Chad Junta Chief Deby Wins Presidential Vote

The International Federation for Human Rights had warned that the election appeared "neither credible, free nor democratic".

Supporters of Chad’s junta chief Mahamat Idriss Deby Itno celebrate their candidate’s victory in N’Djamena on May 9, 2024, after the electoral commission said Deby won 61,03 percent of the vote. (Photo by Issouf SANOGO / AFP)


Chad’s junta chief Mahamat Idriss Deby Itno won this week’s presidential election in the first round, according to provisional official results released Thursday, extending his family’s decades-long grip on power.

Monday’s vote aimed to end three years of military rule in a country crucial to the fight against jihadism across Africa’s Sahel desert region.

The ANGE electoral commission said Deby won 61.03 per cent of votes, beating Prime Minister Succes Masra, who garnered only 18.53 per cent, in results due to be confirmed by the Constitutional Council.

“I am now the elected president of all Chadians,” Deby said in a brief televised address, promising to make good on his “commitments”.

Masra had earlier claimed victory and warned Deby’s team would rig the results.

Soldiers in the N’Djamena neighbourhood where Masra’s party is based fired their guns in the air after the results were announced, both in celebration of Deby’s win and to deter protesters from gathering, AFP journalists there reported.

Some frightened people ran for cover or to their homes and the capital’s streets were soon empty.

Meanwhile, near the presidential palace in central N’Djamena, Deby’s supporters shouted, sang, sounded car horns and fired their own guns in the air in celebration, AFP reporters saw.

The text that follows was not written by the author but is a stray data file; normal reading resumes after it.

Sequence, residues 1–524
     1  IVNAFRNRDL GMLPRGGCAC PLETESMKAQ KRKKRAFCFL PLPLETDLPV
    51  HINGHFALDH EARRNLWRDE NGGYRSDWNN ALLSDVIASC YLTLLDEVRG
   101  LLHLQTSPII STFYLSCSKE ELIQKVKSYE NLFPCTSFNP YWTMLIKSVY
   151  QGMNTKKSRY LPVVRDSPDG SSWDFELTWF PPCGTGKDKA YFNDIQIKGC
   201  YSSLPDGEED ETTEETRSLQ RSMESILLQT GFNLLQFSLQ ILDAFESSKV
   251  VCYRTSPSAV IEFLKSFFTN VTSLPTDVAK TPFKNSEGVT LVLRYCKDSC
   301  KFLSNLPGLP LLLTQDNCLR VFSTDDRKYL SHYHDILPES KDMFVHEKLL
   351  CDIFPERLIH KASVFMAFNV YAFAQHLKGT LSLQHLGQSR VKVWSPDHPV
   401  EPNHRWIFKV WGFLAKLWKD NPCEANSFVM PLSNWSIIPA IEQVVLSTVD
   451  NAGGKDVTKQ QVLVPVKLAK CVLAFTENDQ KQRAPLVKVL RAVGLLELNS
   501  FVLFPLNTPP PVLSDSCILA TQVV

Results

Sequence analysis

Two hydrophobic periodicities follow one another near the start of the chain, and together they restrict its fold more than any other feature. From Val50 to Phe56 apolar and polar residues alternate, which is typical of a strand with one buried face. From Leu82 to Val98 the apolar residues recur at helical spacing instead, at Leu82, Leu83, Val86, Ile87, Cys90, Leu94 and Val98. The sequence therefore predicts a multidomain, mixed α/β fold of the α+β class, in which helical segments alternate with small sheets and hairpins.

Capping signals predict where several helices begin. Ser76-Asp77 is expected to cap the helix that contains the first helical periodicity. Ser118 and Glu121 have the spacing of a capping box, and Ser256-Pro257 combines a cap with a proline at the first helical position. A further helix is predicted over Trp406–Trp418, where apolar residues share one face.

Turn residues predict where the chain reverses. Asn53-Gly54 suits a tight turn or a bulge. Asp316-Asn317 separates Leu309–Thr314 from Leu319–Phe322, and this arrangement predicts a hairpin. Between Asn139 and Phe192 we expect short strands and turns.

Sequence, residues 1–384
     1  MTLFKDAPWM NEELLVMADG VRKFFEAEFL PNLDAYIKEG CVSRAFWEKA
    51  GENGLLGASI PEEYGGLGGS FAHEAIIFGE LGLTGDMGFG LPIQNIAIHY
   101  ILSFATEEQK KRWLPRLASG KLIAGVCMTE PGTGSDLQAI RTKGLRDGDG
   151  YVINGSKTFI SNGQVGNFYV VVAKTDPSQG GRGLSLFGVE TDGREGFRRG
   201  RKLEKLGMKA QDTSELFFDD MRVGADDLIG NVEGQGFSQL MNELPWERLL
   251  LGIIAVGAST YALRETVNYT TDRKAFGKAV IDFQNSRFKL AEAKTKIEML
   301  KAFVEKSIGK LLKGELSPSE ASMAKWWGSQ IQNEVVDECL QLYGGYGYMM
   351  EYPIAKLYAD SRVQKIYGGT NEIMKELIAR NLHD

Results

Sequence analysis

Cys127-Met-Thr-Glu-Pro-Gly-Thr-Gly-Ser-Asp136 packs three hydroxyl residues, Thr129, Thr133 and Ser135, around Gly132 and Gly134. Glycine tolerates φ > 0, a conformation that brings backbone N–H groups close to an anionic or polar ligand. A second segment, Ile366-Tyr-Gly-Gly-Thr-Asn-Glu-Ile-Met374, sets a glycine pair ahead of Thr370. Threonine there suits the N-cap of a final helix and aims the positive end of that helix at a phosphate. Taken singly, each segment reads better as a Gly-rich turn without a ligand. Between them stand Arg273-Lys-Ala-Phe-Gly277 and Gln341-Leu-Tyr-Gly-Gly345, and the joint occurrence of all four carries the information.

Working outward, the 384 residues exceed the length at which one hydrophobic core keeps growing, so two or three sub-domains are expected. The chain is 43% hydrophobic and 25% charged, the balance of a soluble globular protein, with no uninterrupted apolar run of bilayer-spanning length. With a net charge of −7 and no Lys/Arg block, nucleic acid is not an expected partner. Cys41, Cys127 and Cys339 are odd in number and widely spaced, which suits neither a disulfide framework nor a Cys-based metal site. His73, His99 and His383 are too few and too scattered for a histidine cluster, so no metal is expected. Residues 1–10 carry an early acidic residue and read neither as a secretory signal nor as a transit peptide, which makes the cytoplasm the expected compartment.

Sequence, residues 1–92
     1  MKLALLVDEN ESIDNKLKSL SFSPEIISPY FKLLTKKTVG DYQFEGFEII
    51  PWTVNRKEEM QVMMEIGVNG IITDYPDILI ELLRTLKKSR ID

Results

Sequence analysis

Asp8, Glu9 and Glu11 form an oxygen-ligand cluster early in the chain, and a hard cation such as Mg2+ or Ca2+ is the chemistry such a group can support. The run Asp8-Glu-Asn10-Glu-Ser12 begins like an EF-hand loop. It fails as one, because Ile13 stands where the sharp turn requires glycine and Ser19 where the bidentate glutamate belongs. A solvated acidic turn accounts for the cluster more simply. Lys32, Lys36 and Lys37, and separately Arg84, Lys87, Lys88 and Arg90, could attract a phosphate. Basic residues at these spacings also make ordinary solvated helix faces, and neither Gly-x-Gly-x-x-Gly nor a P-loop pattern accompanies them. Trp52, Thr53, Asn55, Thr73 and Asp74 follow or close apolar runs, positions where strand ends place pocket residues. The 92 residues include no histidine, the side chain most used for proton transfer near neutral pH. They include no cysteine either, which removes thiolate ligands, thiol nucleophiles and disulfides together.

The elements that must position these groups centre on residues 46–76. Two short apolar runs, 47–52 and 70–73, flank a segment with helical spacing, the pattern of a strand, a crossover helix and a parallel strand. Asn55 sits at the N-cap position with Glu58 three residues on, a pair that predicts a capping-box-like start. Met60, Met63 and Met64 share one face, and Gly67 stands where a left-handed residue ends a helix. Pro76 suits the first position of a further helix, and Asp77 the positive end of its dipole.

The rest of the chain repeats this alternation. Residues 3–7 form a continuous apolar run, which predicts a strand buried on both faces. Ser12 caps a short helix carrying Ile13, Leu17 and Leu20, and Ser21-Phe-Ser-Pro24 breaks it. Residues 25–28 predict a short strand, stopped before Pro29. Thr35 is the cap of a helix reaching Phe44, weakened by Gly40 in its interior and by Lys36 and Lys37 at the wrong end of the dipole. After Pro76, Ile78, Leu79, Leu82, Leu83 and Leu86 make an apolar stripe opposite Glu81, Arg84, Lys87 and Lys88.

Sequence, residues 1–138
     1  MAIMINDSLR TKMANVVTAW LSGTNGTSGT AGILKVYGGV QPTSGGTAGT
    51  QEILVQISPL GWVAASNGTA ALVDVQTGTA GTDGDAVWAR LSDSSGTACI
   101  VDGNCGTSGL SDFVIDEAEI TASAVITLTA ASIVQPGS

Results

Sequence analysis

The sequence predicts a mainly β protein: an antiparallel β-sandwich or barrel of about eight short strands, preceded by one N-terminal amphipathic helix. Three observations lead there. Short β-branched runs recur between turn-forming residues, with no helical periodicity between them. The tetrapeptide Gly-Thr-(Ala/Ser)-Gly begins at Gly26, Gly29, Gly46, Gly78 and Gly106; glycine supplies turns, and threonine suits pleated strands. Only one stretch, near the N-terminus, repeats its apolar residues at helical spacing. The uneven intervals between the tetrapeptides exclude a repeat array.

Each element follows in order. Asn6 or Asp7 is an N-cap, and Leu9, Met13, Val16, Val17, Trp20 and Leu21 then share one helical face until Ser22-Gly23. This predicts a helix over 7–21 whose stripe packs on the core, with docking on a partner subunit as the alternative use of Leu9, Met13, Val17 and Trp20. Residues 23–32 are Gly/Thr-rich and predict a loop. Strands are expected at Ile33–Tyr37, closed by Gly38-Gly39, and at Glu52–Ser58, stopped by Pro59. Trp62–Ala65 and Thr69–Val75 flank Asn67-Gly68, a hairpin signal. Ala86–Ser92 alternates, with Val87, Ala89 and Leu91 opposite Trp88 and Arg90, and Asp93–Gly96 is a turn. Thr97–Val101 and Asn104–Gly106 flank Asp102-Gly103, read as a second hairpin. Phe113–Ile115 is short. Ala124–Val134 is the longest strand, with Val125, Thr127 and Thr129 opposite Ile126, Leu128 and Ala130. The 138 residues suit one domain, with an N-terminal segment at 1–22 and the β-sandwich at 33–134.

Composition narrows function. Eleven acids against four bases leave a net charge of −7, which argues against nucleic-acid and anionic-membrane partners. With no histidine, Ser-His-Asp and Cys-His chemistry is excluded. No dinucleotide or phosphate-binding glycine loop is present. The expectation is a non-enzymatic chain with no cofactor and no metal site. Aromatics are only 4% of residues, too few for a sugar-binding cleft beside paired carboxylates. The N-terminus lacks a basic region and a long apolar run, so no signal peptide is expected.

At least two teenagers were injured by falling bullets, an AFP journalist saw.

– Parallel count –

Supporters of Masra, a 40-year-old economist, had been holding their own ballot count in parallel to the official one, and in a speech posted on his Facebook page hours before the results were released, Masra said his team’s count “establishes the victory in the first round, that of change over the status quo”.

“The victory is resounding and without blemish,” he said.

Masra went on to say the team of Deby, who was proclaimed transitional president three years ago by the army, would soon announce that he had won and “steal the victory from the people”.

Masra, a former opposition leader appointed prime minister in January, urged Chadians to “mobilise peacefully to prove our victory”.

Thursday’s announcement was a surprise, coming nearly two weeks earlier than the scheduled release date of May 21.

Deby and Masra faced eight other candidates who were either relatively unknown or considered not hostile to the regime.

Former premier Albert Pahimi Padacke placed third with 16.91 per cent of votes in an election that saw a turnout of 75.89 per cent, ANGE chief Ahmed Bartchiret announced.

– ‘Pilot, co-pilot towards democracy’ –

Opponents had called for a boycott of the vote, dismissing it as fixed.

After announcing he would stand, Masra said he was doing so to maintain the current team of “pilot and co-pilot” in a plane headed “towards democracy” — a reference to himself and Deby.

Masra had been a fierce opponent of the regime before it named him prime minister in January after he returned from exile.

He faced accusations of being a stooge by the opposition, which has been violently repressed and its leading figures barred from standing.

Early in the campaign, observers predicted a massive win for Deby, aged 40, whose top rival was killed earlier this year.

– Ally against jihadism –

Deby was proclaimed transitional president by fellow army generals in 2021 after his father, Idriss Deby Itno, who had ruled Chad with an iron fist for 30 years, was killed in a gun battle with rebels.

Deby promised an 18-month transition to democracy but then extended it by two years.

Opposition figures have since fled, been silenced or joined forces with Deby.

Deby’s cousin and chief election rival Yaya Dillo Djerou was shot point-blank in the head by army soldiers on February 28, according to his party.

The International Federation for Human Rights had warned that the election appeared “neither credible, free nor democratic”.

The International Crisis Group also noted that “a number of problems in the run-up to the balloting cast doubt on its credibility”.

Chad has remained a firm ally of traditional security partner France, whose forces in recent years have been ousted by military regimes in former African colonies including Mali, Burkina Faso and Niger.

The Sahel nations are reeling from jihadist insurgencies and have strengthened ties with Russia after severing them with Paris.